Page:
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Answered By Library Staff
Last Updated: Aug 05, 2020     Views: 25

Typically, linking is an acceptable form of sharing information to your students and is not making a copy of the content. Therefore, the act is not seen as breaking copyright law. It is actually preferred that you link to an article, blog post, image, or etc. over downloading and uploading a file copy of the material to share with students. 

However, be sure that what you are linking to was posted legally. Just because it is online does not mean the poster had the rights to the content. It could be that the copyright holder does not know the material was posted and just hasn't issued a takedown notice, not that they have given the poster permission. Scenarios like this are why the DMCA exists; copyright holders can issue takedown notices to those who upload content to other platforms, not holding the platform liable, but the poster. Learn more here. It is important to verify the credentials of posters on any website/platform. If you need help doing that, please contact Librarian Amanda Ross at and she can help research and investigate.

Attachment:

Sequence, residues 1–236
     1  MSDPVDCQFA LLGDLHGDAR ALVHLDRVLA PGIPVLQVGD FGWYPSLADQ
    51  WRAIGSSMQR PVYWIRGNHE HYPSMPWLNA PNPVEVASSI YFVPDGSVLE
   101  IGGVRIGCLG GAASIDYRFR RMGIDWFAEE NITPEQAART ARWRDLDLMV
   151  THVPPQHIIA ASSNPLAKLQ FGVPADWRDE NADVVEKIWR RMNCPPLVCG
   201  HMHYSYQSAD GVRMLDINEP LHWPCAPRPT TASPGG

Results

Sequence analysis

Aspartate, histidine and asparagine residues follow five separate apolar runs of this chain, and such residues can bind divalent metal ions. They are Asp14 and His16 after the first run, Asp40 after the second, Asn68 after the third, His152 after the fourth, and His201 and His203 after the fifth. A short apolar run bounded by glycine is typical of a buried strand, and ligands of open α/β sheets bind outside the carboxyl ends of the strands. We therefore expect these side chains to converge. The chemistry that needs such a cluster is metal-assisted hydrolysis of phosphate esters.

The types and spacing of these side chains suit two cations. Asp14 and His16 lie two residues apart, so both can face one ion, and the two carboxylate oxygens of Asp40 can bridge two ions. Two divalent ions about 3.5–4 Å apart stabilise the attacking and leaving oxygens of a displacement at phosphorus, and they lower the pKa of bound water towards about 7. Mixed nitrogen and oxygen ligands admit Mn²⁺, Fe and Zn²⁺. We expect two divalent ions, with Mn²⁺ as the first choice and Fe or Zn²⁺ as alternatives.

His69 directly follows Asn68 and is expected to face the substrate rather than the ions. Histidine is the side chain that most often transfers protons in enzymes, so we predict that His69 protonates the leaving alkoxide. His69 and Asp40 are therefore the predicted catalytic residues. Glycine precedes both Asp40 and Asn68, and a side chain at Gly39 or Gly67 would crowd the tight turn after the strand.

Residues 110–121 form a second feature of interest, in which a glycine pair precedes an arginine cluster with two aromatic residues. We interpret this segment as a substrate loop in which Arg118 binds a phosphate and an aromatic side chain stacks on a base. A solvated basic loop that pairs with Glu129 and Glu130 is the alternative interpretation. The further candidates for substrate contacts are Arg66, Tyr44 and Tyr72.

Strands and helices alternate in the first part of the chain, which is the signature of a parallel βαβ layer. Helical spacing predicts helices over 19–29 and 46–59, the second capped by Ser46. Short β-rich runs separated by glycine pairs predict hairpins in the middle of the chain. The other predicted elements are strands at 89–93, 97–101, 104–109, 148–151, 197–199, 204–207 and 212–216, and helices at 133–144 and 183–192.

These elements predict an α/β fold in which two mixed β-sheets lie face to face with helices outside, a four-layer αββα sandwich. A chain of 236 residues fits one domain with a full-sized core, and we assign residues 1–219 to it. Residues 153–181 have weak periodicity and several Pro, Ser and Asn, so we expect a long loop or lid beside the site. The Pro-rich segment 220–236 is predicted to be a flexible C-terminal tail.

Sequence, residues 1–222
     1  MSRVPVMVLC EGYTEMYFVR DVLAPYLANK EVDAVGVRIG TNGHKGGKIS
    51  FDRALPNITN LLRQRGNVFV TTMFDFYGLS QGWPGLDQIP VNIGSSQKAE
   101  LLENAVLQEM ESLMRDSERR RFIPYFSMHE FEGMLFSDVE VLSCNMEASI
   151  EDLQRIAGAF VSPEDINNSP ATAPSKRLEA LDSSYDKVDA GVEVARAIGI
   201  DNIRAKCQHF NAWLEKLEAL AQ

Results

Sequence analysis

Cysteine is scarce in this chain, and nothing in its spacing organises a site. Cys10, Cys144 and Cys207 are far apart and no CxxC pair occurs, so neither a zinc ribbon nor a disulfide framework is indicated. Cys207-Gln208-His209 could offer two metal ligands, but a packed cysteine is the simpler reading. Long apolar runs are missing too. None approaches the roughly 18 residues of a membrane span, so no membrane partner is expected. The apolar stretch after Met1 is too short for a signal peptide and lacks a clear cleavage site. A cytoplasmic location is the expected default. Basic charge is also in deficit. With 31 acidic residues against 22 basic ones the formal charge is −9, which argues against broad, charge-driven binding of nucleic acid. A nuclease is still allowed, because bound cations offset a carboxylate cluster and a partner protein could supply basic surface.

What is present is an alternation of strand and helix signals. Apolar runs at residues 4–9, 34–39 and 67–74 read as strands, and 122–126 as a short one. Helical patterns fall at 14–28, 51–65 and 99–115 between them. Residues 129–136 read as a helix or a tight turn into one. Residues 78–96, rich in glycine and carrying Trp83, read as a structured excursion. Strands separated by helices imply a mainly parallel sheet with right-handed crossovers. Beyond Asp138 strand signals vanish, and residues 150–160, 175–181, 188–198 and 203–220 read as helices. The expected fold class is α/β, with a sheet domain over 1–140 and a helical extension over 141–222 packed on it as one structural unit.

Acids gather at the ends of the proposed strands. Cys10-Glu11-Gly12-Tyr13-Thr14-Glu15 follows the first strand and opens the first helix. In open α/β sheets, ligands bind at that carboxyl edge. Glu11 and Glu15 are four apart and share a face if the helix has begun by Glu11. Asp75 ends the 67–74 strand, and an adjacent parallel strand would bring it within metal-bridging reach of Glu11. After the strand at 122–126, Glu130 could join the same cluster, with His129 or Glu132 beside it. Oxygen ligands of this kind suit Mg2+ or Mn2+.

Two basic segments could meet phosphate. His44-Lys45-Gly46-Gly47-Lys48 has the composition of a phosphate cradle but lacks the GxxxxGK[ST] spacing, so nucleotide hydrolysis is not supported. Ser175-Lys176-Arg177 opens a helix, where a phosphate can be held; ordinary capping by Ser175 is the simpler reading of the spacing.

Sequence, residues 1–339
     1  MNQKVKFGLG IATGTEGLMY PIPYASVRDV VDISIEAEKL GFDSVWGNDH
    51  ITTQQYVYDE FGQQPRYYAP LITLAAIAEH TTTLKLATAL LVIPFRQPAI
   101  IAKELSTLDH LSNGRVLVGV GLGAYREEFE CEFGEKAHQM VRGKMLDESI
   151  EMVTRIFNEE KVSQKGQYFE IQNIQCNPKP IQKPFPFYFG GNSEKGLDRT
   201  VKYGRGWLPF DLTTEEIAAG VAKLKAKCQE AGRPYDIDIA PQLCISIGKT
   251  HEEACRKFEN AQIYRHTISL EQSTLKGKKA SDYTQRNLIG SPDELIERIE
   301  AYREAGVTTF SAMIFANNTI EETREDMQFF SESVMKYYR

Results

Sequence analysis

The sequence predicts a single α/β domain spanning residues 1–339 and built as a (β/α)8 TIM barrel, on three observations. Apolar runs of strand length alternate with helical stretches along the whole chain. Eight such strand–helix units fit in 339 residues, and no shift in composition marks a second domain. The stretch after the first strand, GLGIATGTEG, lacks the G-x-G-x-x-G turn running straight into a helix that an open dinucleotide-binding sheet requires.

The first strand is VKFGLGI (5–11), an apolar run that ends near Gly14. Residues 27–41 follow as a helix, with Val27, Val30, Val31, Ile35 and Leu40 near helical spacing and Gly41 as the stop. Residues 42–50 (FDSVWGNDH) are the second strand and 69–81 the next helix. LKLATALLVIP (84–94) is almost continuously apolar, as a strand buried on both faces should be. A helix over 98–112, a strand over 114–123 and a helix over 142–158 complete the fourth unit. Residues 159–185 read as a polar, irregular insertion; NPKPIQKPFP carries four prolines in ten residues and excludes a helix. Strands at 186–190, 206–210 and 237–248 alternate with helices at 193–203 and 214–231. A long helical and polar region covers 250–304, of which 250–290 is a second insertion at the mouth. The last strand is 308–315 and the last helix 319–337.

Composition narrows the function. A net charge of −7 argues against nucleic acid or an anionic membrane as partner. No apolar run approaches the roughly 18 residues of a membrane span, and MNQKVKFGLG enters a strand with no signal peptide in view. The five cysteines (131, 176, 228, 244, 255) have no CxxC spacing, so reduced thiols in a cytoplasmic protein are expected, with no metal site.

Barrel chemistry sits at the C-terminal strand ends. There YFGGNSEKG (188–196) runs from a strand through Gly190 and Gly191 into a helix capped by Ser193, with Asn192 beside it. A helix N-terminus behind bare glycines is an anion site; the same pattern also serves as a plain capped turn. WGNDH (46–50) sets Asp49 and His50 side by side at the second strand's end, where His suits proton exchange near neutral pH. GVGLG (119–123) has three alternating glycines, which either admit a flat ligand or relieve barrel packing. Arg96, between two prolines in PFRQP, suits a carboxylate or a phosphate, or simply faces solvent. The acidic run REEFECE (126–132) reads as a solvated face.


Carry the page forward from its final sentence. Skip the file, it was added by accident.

Also, there is a slight difference in linking vs. embedding. Sometimes, embedding can be problematic and lead to copyright issues. There are different types of embedding. Embedding populates an image or other copyrighted material within another page controlled by someone else/another platform (like Blackboard or your blog). This is sometimes called "framing" - a type of embedding. Many platforms, like YouTube, offer embed codes so you can share content in this way and make your posts visually attractive. Embedding also keeps people on your site, instead of, say, opening in a new tab for them to view the content with just a link. The content is embedded in yours. However, if you are embedding through a feature on your page which takes a URL to regenerate the content as if you had uploaded it (many platforms actually offer this, like Wordpress), this could be seen as a potential violation because there is no "frame" for the content and the creator might not have uploaded to a place that encourages embedding (thus, they might not have agreed to allow embeds). An embed like this is, at first glance, indistinguishable from an image you might have uploaded yourself. This is typically an issue mainly for images or GIF sharing. It looks as though you have uploaded the content (though it is really just forcing your browser to pull content from another site via the media's URL). This form of embedding is where you could run into issues because it is a grey area. 

That said, depending on how and where and why you embed content, either type of embed could fall under Fair Use. Learn more about Fair Use by searching our FAQ. 

See the links below to more information.